August 29, 2009

Playlist 8-29-09

* Biber: Unam Ceylum (Holloway/Assenbaum/Mortensen) (ECM CD)
* Biber/Muffat: Der Türken Anmarsch (Holloway/Assenbaum/Mortensen) (ECM CD)
* Handel: Organ Concertos, Op.7 (AAM/Egarr) (Harmonia Mundi 2SACD)
* J.S. Bach: Six Suites for Violoncello (Japp ter Linden) (Harmonia Mundi 2CD)
* Christine Plubeau/Arnaud Pumir: Église Saint Nicolas, La Hulpe 3-20-09 (FM CDR)
* Charlie Parker: The Complete Savoy & Dial Studio Recordings (d.1+2) (Atlantic 8CD)
* Keith Jarrett: The Impulse Years: 1973-1974 (Impulse! 5CD)
* Matthew Shipp & Mat Maneri: Gravitational Systems (HatOLOGY CD)
* Mary Halovorson & Jessica Pavone: Thin Air (Thirsty Ear CD)
* Herbie Hancock Sextet: Barbican Centre, London 11-19-08 (FM 2CDR)
* Bill Laswell: Dub Chamber 3 (ROIR CD)
* Bill Laswell: Sacred System: Book of Exit/Dub Chamber 4 (ROIR CD)
* Santana: Santana (III) (Columbia/Legacy CD)
* Grateful Dead: Road Trips, Vol.1, No.2: “October ‘77” (GD 3CD)
* Grateful Dead: Road Trips, Vol.1, No.4: “From Egypt with Love” (GD 3CD)
* Grateful Dead: Road Trips, Vol.2, No.4: “Cal Expo ‘93” (GD 3CD)
* Jerry Garcia: After Midnight: Kean College, 2-28-80 (Rhino 3CD)
* Tom Waits: Orphans: Brawlers, Bawlers & Bastards (Anti- 3CD)
* Wilco: Wilco (the album) (Nonesuch CD)
* Boston Spaceships: Planets are Blasted (GBV, Inc. CD)


As the weeks go by, a pattern emerges: baroque music (in the mornings), usually some jazz, perhaps some “out” jazz, but almost always some Grateful Dead and/or Jerry Garcia, and, of course, Robert Pollard’s brand of rocking out…pretty boring, ultimately. I suppose I am getting old and ossified in my tastes. The topic of music came up at work yesterday (as it often does), and I was gently chided for my lack of knowledge about current pop music. It’s true, I never listen to the radio or watch TV and my record-collecting dollar is usually allocated towards things that I know I will like. And when I have taken a chance with recent pop music, I have been left feeling particularly underwhelmed (e.g. Vampire Weekend, Fleet Foxes) (sorry). In my estimation, the best band in the land is Wilco (so sue me). Frankly, I’m much more interested in young musicians such as Mary Halvorson and Jessica Pavone, who integrate a folk-rock sensibility with avant-jazz musicianship to create a genuinely new kind of music that, unfortunately, most folks will never hear. No doubt I am missing out on some great pop music, but I can live with that. Heck, I could never buy another record in my life and still have plenty of wonderful music to listen to.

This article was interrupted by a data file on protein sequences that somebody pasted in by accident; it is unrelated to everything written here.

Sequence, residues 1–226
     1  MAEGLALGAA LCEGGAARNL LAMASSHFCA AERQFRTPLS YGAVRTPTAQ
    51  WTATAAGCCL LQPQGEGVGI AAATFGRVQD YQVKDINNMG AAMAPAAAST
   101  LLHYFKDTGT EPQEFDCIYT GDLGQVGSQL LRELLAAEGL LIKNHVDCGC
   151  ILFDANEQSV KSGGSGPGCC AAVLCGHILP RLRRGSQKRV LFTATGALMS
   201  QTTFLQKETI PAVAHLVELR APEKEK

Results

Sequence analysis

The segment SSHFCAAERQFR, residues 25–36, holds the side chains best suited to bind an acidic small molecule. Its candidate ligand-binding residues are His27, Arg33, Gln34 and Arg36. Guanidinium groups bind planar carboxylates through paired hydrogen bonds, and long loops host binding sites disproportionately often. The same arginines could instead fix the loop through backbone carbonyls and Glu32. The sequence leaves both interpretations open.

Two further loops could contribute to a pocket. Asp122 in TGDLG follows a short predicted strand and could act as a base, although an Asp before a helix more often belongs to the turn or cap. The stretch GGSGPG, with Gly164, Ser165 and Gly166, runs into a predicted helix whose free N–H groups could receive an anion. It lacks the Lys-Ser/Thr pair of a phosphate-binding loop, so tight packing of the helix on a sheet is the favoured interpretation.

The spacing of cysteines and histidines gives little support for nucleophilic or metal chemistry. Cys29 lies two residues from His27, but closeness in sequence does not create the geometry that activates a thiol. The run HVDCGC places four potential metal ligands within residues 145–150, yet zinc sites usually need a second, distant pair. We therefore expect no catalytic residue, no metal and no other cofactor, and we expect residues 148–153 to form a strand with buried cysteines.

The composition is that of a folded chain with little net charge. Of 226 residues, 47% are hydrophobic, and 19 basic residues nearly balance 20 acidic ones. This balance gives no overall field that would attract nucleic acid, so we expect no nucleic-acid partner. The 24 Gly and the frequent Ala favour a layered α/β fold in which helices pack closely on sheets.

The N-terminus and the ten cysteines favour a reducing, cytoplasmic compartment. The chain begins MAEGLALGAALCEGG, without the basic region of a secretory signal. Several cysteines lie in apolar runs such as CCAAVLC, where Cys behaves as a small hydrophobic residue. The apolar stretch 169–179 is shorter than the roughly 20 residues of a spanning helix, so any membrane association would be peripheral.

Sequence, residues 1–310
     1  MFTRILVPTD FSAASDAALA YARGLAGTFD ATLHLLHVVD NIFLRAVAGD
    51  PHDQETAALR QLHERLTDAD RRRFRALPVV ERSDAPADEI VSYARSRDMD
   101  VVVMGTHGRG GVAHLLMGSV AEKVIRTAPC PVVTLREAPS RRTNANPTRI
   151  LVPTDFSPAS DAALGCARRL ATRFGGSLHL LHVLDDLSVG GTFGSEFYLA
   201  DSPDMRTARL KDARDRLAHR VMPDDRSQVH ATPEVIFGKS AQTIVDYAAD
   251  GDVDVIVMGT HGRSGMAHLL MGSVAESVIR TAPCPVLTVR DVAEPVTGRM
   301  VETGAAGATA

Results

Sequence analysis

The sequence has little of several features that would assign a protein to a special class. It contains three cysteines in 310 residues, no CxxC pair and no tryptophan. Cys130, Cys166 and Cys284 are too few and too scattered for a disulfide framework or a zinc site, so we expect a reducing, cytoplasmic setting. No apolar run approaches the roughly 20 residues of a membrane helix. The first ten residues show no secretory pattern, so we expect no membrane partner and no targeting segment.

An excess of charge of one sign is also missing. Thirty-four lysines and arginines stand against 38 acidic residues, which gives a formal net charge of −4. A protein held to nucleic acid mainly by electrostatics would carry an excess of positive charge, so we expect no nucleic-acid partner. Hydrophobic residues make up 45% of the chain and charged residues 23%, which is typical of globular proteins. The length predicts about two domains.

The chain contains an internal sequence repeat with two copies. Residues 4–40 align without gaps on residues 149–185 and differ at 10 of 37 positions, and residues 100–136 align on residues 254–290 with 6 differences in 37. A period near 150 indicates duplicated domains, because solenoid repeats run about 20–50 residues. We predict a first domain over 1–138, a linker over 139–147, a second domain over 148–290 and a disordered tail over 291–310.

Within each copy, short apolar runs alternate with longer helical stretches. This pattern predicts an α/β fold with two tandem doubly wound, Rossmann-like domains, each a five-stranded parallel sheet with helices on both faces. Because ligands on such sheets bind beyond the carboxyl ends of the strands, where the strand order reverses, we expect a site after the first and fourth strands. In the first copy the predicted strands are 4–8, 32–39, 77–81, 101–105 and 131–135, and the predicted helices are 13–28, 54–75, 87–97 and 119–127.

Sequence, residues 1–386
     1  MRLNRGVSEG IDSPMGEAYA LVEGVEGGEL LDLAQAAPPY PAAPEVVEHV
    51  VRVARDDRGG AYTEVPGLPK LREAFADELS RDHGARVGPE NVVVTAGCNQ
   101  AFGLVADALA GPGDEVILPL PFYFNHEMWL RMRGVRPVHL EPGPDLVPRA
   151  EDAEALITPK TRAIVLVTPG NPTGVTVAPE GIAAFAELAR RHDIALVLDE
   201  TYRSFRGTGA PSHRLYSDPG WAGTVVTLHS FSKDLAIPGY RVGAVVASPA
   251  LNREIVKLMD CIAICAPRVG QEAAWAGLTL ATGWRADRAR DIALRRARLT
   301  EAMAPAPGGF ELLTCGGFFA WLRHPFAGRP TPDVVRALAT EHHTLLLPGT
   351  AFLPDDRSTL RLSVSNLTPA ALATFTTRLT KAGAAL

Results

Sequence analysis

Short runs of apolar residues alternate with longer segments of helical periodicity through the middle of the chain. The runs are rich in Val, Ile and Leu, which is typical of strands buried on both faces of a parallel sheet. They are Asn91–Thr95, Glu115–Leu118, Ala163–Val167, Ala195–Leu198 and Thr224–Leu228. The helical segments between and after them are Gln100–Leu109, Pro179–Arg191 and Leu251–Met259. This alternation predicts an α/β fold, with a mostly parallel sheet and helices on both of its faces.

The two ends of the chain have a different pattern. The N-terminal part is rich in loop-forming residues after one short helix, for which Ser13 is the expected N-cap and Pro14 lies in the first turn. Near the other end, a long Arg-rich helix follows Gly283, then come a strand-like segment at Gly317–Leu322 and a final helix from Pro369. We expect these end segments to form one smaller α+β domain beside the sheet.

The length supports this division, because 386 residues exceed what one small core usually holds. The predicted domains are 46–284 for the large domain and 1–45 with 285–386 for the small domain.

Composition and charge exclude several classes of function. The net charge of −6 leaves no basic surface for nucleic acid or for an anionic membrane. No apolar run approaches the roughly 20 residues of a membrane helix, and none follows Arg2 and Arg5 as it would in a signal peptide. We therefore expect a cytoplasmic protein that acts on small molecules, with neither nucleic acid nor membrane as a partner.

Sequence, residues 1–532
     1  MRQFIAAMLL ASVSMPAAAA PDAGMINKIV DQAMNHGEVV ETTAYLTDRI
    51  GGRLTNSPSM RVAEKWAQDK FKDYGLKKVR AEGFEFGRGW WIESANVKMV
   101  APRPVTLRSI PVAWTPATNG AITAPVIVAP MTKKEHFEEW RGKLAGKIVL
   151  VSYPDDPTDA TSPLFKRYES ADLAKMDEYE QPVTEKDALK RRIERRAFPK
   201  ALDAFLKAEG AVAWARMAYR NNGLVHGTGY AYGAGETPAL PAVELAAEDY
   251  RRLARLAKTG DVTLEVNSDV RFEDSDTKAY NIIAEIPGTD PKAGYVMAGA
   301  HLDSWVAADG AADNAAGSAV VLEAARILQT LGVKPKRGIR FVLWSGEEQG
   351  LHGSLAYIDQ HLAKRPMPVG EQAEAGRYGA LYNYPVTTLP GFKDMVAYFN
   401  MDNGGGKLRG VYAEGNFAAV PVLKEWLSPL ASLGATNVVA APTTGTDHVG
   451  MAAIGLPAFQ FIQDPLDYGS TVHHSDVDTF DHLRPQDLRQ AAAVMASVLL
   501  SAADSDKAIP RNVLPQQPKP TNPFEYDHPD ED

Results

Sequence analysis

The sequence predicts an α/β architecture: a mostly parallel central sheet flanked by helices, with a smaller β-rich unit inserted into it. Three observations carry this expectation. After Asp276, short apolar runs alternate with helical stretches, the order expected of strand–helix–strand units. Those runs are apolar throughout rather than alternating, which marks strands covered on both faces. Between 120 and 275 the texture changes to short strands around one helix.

Like for instance the Keith Jarrett box set – and I really did listen to all five discs this week! – comprising expanded reissues of the albums Fort Yawuh, Treasure Island, Death and the Flower, and Backhand. These records were out of step with the times and ultimately overshadowed by Jarrett’s prior tenure with the electric Miles Davis band and his later fame as the romantically rhapsodic, proto-New Age solo pianist. That’s too bad. The so-called “American Quartet” consisted of Jarrett, Dewey Redman, Charlie Haden, and Paul Motian, an all-star band that executed the post-Ornette free-bop and gospel-ish material with sensitive but high-spirited aplomb. Jarrett equitably shares the sometimes crowded musical space with these three strong personalities, but the friction is palpable and sometimes sparks flashes of uniquely brilliant music. (I plan to delve into Mysteries: The Impulse Years: 1975-1976 next week.) Or how about the complete Charlie Parker on Savoy & Dial? Eight CDs documenting the birth of Bebop, complete with every extant false start, incomplete and alternate take – and not just the Savoy and Dial material, but concomitant sideman dates with Tiny Grimes, Slim Gaillard, and Red Norvo on the Guild, Musicraft, Bel-Tone, and Comet labels. I could spend a lifetime studying this music and the accompanying literature and still not be able to digest it all. Who needs to keep up with the latest fads when there is this vast wealth of masterpieces worthy of my time and attention? Heh-heh. Spoken like a true fogey, an out-of-it fuddy-duddy. Oh well. Getting old sure beats the alternative. Thankfully, music makes life worth living.


Sam said...

I love this post because I really dig the photo of your CD shelves! Great to see those black and orange Impulses. I understand what you mean about the youngsters' music these days. I have a soft spot for Deerhoof myself, but I really don't know much about what's going on beyond what my brother and a couple of friends clue me in on. I manage to keep myself busy digging deep into Ra, Coltrane, Miles, Duke Ellington, the Dead, Beatles, Sam Rivers, Cecil, Braxton, Bird, Beach Boys, Billie Holiday, High Llamas, Threadgill, etc. like you say, a lifetime of listening just there. I always try to keep open ears, though--I know there must be tons of great stuff out there, like this duo I've been listening to recently, mostly piano-drum improvs but also really spacey turntable-inspired psychedelic noise-improv fests, done in Nashville at a place called Heeltop Home Studio....

Rodger Coleman said...

Ha! Ha! Ha!